In politics also, Igbos held sway; Dr Nnamdi Azikiwe, an illustrious Igbo son practically defined politics in the country before and up till the day of independence. As leader of the NCNC, he had loyalists from across the country who practically worshipped him for his masterful political acumen and mesmerizing sagacity. Expectedly, he recorded many ‘firsts’: First Speaker of the Federal House of Representatives, first Governor General and later, first President of Nigeria. In fact, but for an odious political conspiracy, the great Zik of Africa would have been the first Premier of the Western Region. In 1952, his party the NCNC, won majority of the seats in the Western Region and Zik as leader of the party was set to be sworn in as Premier, but for the infamous carpet crossing that took place on the floor of the parliament before the inauguration.

Senator Hope Uzodimma

He noted also that in the academia and technology, Igbos had an intimidating share of ‘firsts’. Kenneth Dike, the first black vice chancellor of the University of Ibadan, also the first Nigerian professor of history was an Igbo. Eni Njoku, the first vice-chancellor of the University of Lagos and first Nigerian professor of botany, as well as progenitor of the anti-cholera vaccine was an Igbo. Chike Obi, the man who solved Fermat’s last theorem and first Nigerian professor of mathematics was Igbo. The current Obi of Asaba, HRH Chike Edozien, was the first Nigerian professor of anatomy and physiology. In like manner, HRH Laz Ekwueme, the present Igwe of Oko in Anambra State, was Africa’s first professor of music.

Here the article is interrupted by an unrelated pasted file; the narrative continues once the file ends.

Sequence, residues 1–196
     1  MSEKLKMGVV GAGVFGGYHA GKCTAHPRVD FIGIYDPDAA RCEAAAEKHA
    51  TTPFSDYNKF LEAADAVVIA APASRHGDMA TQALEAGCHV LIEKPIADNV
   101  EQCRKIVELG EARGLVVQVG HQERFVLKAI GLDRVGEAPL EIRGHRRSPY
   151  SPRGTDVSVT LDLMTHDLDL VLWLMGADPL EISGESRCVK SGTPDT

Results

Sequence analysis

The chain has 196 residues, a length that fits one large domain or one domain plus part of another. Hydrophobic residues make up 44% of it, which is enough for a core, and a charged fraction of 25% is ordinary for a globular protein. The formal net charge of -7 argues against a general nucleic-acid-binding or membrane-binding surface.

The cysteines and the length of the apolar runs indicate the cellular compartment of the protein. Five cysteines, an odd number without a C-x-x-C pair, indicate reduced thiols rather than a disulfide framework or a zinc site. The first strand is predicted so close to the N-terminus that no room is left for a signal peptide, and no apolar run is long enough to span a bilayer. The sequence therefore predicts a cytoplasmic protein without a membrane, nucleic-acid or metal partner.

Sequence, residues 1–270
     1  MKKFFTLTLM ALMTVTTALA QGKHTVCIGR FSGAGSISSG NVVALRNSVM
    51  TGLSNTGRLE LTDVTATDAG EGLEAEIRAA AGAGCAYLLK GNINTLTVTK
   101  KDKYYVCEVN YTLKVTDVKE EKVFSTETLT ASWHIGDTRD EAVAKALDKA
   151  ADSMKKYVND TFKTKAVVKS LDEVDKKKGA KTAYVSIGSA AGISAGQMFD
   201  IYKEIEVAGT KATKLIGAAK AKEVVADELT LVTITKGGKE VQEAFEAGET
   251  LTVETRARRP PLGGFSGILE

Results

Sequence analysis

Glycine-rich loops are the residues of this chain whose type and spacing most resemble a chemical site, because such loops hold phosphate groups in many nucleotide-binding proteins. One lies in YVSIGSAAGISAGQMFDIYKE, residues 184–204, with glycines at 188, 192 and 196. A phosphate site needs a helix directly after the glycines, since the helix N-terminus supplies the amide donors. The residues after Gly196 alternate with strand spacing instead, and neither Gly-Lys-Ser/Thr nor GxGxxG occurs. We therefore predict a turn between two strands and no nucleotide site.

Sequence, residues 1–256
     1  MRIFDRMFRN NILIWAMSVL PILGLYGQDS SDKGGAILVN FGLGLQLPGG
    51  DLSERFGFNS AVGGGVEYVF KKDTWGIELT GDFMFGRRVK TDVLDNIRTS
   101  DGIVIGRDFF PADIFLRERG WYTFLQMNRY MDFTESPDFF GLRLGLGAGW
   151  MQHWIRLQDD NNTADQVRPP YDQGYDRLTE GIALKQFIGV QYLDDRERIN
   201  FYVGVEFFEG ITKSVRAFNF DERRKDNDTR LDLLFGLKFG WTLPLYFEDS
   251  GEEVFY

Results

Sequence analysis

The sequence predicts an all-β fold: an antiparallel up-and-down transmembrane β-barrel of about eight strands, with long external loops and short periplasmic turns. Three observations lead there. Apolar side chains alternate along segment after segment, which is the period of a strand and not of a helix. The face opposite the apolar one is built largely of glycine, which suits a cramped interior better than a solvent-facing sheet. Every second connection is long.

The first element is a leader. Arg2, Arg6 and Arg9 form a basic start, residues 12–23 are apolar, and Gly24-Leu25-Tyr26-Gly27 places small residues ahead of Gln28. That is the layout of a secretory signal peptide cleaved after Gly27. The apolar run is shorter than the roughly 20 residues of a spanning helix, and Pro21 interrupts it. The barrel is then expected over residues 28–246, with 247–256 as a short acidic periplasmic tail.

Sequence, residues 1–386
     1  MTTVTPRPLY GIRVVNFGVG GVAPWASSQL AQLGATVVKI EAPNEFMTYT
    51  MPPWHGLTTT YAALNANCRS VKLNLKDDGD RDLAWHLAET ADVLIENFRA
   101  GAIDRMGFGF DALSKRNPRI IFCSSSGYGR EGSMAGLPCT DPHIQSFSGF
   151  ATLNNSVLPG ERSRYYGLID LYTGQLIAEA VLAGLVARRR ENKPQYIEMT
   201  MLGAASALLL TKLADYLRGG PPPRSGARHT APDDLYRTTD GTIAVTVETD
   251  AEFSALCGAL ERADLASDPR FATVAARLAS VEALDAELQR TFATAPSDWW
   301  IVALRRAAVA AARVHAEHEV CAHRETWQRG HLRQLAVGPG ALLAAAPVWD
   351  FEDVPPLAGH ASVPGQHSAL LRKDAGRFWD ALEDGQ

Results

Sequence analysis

Herbert Kodilinye was appointed a professor of medicine, Nigeria’s first, in 1952; James Nwoye Adichie, first Nigerian professor of statistics initiated research in non-parametric statistics that led to new areas in statistical research; GD Okafor who became a professor of philosophy at Amherst College in 1953 was the first Nigerian professor of philosophy; while Pius Okigbo the first Nigerian PhD in economics was a visiting scholar and professor of economics at the University of London.